Dallas Federal Reserve President Rob Kaplan said Tuesday he’s not too concerned about the slowing economic growth in the first quarter, and the U.S. economy is likely to grow at just under 2 percent for the year.
But Kaplan acknowledged the financial turmoil at the beginning of the year may have had more of psychological impact on consumers than previously thought.
“I want to see more data, because first quarter [growth] is very mediocre. But we still believe the underpinnings for solid growth are there,” he told CNBC’s “Squawk Box.”
“We still think the consumer is going to remain strong this year. The job market is strong,” he added.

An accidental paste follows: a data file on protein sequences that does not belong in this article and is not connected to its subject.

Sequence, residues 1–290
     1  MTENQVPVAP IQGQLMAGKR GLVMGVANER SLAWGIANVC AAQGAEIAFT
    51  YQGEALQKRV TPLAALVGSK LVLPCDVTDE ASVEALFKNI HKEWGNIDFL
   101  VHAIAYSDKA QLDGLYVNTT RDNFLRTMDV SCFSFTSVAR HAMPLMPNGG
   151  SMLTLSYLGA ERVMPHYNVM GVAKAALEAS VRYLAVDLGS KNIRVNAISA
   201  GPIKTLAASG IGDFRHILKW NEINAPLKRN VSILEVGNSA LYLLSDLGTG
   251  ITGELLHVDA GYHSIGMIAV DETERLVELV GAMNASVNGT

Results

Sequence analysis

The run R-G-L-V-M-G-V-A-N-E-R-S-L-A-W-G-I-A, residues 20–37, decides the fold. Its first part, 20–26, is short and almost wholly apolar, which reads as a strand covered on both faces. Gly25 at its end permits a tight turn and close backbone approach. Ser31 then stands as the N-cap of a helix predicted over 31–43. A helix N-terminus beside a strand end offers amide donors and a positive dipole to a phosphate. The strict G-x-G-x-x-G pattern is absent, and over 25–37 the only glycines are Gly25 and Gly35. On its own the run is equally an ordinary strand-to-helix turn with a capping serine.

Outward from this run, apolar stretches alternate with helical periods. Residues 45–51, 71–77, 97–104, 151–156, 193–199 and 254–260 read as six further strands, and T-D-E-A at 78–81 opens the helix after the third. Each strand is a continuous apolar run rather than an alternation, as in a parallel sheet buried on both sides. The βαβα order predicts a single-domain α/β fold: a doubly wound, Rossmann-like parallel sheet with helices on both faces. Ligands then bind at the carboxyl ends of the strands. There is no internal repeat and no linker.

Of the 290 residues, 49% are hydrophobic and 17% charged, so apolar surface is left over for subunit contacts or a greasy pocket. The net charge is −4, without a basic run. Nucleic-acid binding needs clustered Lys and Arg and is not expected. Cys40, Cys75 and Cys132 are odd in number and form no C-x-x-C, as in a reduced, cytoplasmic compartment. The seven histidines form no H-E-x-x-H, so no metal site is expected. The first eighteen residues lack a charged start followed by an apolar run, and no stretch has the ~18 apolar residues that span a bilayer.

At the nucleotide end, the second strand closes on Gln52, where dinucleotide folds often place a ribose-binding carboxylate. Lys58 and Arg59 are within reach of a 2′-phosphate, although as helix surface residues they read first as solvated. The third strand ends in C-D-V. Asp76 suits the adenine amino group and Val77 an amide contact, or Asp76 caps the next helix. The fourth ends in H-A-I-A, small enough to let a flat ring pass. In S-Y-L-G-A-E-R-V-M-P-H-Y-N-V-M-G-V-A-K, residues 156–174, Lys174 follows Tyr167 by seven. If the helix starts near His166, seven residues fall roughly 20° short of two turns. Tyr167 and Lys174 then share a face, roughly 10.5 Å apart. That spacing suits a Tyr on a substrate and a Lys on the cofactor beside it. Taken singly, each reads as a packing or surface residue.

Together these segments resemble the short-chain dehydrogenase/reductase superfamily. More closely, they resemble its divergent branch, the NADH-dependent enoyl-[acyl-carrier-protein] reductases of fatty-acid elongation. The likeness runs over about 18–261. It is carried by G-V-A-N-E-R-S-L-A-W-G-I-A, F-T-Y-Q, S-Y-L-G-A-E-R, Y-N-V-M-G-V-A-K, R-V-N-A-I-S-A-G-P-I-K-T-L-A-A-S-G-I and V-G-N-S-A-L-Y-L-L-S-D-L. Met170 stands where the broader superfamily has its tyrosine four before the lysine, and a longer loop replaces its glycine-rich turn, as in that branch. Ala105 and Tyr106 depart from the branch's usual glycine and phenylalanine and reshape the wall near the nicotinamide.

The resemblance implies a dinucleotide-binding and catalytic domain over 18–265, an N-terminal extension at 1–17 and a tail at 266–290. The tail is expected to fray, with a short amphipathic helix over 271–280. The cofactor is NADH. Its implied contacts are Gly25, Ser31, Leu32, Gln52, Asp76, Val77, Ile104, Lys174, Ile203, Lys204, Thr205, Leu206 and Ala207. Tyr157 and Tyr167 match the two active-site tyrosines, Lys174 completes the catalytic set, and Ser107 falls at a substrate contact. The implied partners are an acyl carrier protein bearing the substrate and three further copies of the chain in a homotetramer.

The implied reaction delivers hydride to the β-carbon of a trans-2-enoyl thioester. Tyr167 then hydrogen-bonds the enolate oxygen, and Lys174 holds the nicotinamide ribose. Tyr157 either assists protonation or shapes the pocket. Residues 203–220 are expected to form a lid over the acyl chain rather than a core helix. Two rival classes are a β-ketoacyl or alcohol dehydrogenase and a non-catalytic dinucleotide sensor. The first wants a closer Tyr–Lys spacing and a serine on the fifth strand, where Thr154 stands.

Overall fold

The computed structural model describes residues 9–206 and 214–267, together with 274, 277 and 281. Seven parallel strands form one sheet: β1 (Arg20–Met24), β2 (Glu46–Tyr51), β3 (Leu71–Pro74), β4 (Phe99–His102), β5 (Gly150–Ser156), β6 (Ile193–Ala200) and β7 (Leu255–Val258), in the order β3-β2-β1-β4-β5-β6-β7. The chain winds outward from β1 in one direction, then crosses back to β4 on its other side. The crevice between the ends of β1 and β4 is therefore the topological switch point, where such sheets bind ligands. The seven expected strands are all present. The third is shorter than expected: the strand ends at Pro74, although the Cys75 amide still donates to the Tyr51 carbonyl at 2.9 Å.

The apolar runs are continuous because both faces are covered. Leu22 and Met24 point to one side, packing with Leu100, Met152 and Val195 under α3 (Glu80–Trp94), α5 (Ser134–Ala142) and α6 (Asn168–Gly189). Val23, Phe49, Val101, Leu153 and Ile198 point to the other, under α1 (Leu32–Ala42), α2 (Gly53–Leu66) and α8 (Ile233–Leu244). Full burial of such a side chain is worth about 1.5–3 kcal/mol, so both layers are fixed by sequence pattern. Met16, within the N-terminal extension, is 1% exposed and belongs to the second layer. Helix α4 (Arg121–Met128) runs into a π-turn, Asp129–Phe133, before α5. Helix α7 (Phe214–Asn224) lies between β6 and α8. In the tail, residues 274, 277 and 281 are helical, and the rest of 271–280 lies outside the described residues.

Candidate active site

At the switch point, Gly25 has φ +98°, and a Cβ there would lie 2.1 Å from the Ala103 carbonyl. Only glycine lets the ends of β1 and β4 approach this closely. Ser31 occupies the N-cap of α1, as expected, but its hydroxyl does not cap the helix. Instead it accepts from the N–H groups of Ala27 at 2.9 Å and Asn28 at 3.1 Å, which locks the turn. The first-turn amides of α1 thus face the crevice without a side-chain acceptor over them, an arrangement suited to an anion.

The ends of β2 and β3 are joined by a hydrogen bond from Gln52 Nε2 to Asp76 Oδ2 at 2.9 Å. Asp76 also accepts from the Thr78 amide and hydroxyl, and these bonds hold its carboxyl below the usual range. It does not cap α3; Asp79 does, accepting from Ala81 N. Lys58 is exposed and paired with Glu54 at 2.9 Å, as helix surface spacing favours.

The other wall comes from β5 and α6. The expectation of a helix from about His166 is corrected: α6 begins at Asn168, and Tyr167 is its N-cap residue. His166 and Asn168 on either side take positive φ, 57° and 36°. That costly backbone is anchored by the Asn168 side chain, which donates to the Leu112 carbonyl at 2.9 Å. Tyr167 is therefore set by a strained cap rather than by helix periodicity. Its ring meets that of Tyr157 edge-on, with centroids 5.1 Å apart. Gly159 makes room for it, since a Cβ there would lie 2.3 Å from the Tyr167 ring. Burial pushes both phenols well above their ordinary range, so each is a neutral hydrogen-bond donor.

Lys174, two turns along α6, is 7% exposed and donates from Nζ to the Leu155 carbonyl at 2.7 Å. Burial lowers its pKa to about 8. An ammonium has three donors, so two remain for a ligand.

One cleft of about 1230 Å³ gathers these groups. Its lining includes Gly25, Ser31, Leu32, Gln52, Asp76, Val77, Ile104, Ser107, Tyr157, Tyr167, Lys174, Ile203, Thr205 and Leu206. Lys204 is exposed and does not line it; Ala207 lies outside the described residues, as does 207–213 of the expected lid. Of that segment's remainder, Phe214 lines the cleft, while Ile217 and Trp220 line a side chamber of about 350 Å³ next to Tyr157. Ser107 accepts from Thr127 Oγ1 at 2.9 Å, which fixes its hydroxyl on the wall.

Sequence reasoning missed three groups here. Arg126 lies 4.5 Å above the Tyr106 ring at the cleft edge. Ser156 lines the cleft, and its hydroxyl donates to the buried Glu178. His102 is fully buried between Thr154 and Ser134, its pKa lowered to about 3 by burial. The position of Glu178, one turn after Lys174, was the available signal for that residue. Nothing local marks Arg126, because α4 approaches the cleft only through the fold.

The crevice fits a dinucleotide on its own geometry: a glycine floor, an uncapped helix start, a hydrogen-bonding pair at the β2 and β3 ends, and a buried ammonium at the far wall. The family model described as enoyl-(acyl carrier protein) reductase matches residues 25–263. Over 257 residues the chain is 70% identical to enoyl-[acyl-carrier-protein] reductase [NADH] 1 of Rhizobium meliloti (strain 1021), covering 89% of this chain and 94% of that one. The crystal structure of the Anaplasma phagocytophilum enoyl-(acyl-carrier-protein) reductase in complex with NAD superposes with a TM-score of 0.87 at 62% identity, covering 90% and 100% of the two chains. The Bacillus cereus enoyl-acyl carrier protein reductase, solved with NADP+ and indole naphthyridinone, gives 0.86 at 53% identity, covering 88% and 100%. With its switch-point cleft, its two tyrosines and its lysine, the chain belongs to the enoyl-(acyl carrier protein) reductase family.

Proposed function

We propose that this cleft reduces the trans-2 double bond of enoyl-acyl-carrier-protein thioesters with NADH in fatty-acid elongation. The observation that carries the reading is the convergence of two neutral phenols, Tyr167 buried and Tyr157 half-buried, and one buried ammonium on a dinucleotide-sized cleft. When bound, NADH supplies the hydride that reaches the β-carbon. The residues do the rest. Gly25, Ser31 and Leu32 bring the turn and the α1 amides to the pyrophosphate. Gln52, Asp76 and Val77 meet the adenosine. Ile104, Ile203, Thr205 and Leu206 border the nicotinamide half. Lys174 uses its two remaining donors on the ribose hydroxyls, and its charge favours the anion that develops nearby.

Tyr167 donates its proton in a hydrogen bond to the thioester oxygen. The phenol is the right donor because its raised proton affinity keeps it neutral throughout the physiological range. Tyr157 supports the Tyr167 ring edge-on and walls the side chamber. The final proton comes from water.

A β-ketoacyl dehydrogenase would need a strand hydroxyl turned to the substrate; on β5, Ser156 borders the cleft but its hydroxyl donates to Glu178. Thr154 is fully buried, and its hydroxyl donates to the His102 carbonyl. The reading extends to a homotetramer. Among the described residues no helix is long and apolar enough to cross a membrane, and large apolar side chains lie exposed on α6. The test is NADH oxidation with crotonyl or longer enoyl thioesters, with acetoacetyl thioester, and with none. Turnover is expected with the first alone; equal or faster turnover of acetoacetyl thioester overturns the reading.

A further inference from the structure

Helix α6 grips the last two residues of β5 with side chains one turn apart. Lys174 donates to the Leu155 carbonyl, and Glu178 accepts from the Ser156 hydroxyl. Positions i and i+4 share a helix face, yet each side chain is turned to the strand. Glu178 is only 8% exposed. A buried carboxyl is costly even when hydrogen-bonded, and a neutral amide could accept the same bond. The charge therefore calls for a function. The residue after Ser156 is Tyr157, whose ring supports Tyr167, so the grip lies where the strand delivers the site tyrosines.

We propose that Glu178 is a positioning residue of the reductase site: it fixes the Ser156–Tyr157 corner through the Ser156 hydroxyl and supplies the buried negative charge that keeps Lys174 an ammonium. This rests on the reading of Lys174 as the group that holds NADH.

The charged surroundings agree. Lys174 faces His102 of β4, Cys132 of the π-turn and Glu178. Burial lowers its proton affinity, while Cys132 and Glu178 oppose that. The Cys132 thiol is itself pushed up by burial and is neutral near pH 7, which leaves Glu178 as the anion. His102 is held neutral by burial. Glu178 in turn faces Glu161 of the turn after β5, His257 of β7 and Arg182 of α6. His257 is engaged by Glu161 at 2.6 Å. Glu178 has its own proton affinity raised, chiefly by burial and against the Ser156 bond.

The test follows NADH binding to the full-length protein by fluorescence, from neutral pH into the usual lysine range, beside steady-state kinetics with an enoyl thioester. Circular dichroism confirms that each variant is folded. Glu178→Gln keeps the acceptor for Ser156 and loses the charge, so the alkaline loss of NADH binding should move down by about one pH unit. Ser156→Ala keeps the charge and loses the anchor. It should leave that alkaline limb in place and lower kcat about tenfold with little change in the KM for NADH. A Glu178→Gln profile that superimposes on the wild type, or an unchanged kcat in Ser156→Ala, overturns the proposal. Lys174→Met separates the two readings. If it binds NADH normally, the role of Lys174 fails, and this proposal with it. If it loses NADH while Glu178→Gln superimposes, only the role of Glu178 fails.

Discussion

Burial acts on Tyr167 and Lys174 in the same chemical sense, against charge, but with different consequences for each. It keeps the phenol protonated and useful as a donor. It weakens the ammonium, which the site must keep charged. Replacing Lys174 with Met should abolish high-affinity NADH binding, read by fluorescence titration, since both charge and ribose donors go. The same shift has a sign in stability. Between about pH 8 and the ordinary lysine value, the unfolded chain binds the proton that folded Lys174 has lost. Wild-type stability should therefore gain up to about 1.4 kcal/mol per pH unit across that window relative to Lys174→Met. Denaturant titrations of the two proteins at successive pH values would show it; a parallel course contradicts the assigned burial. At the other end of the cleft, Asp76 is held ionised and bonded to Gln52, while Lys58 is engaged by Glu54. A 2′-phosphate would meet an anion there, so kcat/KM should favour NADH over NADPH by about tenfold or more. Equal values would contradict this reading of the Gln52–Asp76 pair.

However, the path to normalizing rates is not an easy one, he said, arguing the next five years are going to be as complex to navigate as the past five or 10 years.
“There are lots of reasons for that: slowing global growth, aging population in the United States and advanced economies, high levels of debt to GDP in all advanced economies,” he said.
Kaplan sees an interest rate hike in the not-too-distant future, provided gross domestic product numbers recover as he believes they will. “I think people should expect it’s going to be a slow, patient, gradual normalization.”
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